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Prostate-Specific Antigen-Based Screening for Prostate Cancer

An Evidence Update for the U.S. Preventive Services Task Force

Evidence Syntheses, No. 90

Kenneth Lin, MD, Jennifer M Croswell, MD, MPH, Helen Koenig, MD, MPH, Clarence Lam, MD, MPH, and Ashley Maltz, MD, MPH.

Rockville (MD): Agency for Healthcare Research and Quality (US); 2011 Oct.
Report No.: 12-05160-EF-1
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Structured Abstract

Background:

In 2008, the U.S. Preventive Services Task Force (USPSTF) concluded that the evidence was insufficient to assess the balance of benefits and harms of screening for prostate cancer in men younger than age 75 years. The USPSTF recommended against screening for prostate cancer in men aged 75 years or older.

Purpose:

To update a previous systematic review performed for the USPSTF and evaluate new evidence on the potential benefits of prostate-specific antigen (PSA)-based screening for prostate cancer.

Data Sources:

English-language articles identified in PubMed and the Cochrane Library (search dates January 2007 to July 2011), reference lists of retrieved articles, and expert suggestions.

Study Selection:

Randomized controlled trials, systematic reviews, and meta-analyses were selected to determine whether PSA-based screening decreases prostate cancer-specific or all-cause mortality. Where available, information on the potential harms of screening for prostate cancer was also extracted from included studies.

Data Extraction:

Studies were reviewed, abstracted, and rated for quality, using predefined USPSTF criteria.

Data Synthesis:

Five randomized controlled trials (two fair- and three poor-quality) and two meta-analyses evaluating the impact of PSA-based screening on prostate cancer mortality were identified. A report describing results from a single center participating in one of the fair-quality trials was also identified. Of the two highest-quality trials, the U.S. Prostate, Lung, Colorectal, and Ovarian Cancer Screening Trial found no statistically significant effect of PSA-based screening on prostate cancer mortality after 10 years (rate ratio [RR], 1.11 [95% CI, 0.83–1.50]). The European Randomized Study of Screening for Prostate Cancer also found no statistically significant effect in all enrolled men (ages 50–74 years) after a median followup of 9 years (RR, 0.85 [95% CI, 0.73–1.00]), but reported a 0.07% absolute risk reduction in a prespecified subgroup of men aged 55 to 69 years (RR, 0.80 [95% CI, 0.65–0.98]). Neither meta-analysis indicated a reduction in prostate cancer mortality with the use of PSA-based screening. When a benefit was found, PSA-based screening resulted in an estimated 48 additional men being treated for each prostate cancer death that was averted. Twelve percent to 13% of screened men had false-positive results after 3 to 4 screening rounds, and clinically important infections, bleeding, or urinary retention occurred after 0.5%–1.0% of prostate biopsies.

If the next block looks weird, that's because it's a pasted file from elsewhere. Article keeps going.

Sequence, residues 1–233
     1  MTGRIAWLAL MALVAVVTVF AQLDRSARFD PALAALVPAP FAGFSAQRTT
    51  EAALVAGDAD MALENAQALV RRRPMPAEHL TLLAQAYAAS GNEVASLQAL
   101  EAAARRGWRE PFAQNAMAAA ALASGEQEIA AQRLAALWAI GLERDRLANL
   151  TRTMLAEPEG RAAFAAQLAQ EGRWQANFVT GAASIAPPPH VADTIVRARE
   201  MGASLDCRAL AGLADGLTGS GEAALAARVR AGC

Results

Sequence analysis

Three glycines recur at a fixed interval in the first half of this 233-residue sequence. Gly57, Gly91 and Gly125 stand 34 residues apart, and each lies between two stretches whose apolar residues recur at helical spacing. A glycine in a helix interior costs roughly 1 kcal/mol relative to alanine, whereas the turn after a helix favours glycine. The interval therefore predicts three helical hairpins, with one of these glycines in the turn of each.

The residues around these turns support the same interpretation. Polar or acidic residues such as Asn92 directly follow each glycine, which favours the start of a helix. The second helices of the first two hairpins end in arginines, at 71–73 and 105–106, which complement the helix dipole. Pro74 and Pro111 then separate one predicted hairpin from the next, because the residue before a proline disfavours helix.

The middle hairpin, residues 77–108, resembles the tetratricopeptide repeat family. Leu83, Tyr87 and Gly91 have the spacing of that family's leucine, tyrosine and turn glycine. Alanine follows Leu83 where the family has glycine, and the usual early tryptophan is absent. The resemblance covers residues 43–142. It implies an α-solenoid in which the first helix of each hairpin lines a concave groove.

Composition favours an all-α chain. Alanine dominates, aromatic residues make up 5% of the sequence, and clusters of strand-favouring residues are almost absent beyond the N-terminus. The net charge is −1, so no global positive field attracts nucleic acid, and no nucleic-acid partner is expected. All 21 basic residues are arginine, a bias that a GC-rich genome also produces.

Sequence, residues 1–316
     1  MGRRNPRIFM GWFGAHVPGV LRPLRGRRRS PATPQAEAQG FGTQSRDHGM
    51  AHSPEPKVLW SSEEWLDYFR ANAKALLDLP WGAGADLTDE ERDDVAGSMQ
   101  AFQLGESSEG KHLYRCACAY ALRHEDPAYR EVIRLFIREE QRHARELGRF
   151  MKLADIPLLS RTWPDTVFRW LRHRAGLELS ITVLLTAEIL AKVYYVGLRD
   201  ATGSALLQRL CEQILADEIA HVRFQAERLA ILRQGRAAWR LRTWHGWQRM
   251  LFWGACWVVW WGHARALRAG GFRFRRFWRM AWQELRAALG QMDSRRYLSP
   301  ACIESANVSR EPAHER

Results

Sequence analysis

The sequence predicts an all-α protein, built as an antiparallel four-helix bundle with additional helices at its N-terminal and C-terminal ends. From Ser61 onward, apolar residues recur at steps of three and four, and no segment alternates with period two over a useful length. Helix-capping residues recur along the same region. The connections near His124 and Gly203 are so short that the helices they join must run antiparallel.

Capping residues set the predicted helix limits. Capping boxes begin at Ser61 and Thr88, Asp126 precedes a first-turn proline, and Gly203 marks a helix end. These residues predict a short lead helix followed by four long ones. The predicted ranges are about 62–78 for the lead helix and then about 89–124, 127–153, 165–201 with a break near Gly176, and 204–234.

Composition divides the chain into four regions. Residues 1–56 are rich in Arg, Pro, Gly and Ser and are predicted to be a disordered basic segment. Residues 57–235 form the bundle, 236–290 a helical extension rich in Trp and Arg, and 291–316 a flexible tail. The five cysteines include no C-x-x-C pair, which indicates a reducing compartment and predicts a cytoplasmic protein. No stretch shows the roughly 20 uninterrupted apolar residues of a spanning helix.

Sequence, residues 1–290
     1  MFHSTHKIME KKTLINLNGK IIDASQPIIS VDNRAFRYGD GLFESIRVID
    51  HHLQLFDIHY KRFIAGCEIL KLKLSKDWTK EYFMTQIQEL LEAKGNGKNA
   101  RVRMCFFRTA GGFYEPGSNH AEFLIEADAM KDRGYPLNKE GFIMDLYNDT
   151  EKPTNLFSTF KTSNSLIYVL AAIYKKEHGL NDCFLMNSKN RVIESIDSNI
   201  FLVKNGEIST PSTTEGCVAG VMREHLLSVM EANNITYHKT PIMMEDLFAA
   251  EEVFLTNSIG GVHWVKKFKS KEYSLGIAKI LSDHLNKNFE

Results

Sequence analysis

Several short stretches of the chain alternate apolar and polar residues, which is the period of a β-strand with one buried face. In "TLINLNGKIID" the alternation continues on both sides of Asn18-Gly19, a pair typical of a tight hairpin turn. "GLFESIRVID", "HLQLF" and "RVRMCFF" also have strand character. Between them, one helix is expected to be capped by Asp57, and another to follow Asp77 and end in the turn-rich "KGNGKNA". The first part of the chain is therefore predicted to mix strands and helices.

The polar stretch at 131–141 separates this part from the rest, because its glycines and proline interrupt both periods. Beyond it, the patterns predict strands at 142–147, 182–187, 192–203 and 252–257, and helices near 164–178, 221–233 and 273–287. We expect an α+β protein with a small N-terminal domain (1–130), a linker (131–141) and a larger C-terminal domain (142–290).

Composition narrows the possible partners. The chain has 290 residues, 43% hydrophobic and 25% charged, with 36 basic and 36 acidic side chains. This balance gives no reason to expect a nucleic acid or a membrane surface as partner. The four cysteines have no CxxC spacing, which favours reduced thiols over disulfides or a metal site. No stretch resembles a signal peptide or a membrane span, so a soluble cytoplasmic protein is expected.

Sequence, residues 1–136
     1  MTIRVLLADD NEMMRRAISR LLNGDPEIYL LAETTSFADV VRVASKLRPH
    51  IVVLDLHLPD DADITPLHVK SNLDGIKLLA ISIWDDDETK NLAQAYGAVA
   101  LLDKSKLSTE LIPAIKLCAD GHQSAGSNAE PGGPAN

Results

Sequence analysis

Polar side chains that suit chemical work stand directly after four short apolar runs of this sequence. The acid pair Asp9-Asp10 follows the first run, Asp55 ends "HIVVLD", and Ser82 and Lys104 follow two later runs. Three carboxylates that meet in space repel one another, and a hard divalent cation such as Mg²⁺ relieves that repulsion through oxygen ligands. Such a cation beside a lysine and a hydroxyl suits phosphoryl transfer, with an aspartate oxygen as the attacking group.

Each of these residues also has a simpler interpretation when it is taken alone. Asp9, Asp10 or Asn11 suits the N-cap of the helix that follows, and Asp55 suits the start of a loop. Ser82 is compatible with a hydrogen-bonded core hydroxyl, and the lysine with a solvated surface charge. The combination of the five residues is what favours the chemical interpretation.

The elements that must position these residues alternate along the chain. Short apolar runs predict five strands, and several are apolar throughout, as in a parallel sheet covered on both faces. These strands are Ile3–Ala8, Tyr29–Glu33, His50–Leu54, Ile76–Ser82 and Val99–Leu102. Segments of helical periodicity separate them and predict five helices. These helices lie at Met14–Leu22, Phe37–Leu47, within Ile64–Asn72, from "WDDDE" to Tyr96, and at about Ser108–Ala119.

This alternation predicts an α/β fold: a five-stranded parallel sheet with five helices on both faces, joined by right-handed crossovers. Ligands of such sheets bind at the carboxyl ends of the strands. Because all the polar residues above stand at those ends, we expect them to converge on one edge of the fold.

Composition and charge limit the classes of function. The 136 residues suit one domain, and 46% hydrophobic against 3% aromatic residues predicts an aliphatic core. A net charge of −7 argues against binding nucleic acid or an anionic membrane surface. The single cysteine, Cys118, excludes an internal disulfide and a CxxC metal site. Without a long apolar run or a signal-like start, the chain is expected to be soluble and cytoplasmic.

Limitations:

Evidence was conflicting regarding the effect of screening on prostate cancer mortality in the highest-quality trials; they also represented interim results. We restricted the search on the potential harms of PSA-based screening to information available from randomized efficacy trials.

Conclusions:

After about 10 years, PSA-based screening results in the detection of more cases of prostate cancer, but small to no reduction in prostate cancer-specific mortality.

Contents

540 Gaither Road, Rockville, MD 20850; www​.ahrq.gov

Acknowledgements: The authors would like to acknowledge Mary Barton, MD, MPP; Robert Baskin, PhD, Eileen Birmingham, MD, MPH, and Roger Chou, MD, of the Oregon Evidence-based Practice Center; and U.S. Preventive Services Task Force members Ned Calonge, MD, MPH, Michael LeFevre, MD, MSPH, Rosanne Leipzig, MD, PhD, and Timothy Wilt, MD, MPH.

Prepared for: Agency for Healthcare Research and Quality, U.S. Department of Health and Human Services1,

Suggested citation:

Lin K, Croswell JM, Koenig H, Lam C, Maltz A. Prostate-Specific Antigen-Based Screening for Prostate Cancer: An Evidence Update for the U.S. Preventive Services Task Force. Evidence Synthesis No. 90. AHRQ Publication No. 12-05160-EF-1. Rockville, MD: Agency for Healthcare Research and Quality; October 2011.

This report is based on research conducted by staff of the Agency for Healthcare Research and Quality (AHRQ), Rockville, MD. No statement in this report should be construed as an official position of AHRQ or of the U.S. Department of Health and Human Services.

The information in this report is intended to help clinicians, employers, policymakers, and others make informed decisions about the provision of health care services. This report is intended as a reference and not as a substitute for clinical judgment.

This report may be used, in whole or in part, as the basis for the development of clinical practice guidelines and other quality enhancement tools, or as a basis for reimbursement and coverage policies. AHRQ or U.S. Department of Health and Human Services endorsement of such derivative products may not be stated or implied.

1

540 Gaither Road, Rockville, MD 20850; www​.ahrq.gov

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